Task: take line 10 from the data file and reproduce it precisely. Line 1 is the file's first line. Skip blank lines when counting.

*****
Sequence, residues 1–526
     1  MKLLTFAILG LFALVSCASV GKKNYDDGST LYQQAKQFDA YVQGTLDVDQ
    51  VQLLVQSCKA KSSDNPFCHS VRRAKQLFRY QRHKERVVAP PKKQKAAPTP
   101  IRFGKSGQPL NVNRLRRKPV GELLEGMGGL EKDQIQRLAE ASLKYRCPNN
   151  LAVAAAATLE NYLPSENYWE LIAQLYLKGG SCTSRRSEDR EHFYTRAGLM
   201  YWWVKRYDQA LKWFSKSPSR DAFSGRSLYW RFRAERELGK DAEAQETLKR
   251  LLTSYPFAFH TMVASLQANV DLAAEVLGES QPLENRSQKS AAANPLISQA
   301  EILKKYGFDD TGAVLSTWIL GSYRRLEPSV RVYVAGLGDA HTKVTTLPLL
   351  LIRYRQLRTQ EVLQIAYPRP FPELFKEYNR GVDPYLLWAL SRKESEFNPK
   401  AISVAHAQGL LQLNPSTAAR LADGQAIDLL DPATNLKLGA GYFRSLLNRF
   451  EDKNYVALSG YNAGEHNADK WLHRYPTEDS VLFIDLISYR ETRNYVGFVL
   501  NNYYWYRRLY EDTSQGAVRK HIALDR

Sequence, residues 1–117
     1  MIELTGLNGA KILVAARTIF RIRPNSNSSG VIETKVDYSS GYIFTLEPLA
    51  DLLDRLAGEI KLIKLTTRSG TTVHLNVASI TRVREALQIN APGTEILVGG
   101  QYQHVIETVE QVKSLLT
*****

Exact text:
   401  AISVAHAQGL LQLNPSTAAR LADGQAIDLL DPATNLKLGA GYFRSLLNRF